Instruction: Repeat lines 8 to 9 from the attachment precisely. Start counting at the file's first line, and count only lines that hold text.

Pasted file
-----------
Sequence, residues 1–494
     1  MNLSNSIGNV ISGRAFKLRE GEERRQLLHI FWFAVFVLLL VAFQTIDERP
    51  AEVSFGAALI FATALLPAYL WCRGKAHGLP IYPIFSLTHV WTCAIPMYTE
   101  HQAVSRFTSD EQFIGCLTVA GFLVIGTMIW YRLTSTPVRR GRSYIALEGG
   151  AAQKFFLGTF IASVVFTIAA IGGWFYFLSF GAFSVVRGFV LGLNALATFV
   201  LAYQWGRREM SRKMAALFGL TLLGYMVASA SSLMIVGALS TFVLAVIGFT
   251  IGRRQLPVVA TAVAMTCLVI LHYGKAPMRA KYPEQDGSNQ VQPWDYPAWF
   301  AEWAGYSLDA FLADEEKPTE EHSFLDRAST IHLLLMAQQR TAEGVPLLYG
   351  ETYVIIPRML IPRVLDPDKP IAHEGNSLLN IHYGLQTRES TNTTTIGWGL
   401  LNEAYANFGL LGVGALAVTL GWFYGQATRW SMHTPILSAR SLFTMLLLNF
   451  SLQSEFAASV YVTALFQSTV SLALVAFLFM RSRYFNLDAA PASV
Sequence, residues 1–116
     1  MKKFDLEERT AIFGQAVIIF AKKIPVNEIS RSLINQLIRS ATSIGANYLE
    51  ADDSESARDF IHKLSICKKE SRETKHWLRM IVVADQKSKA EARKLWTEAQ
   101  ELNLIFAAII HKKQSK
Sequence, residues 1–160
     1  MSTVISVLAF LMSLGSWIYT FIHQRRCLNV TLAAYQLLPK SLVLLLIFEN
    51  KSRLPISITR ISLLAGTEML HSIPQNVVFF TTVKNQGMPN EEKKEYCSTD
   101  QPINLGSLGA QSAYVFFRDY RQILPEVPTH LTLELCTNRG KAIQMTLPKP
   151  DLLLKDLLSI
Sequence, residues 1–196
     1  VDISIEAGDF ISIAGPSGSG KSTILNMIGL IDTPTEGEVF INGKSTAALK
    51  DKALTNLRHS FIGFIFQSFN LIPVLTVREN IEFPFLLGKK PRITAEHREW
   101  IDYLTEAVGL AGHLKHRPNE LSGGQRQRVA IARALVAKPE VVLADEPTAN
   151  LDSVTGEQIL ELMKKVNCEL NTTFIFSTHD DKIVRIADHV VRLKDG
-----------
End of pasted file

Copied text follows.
   301  AEWAGYSLDA FLADEEKPTE EHSFLDRAST IHLLLMAQQR TAEGVPLLYG
   351  ETYVIIPRML IPRVLDPDKP IAHEGNSLLN IHYGLQTRES TNTTTIGWGL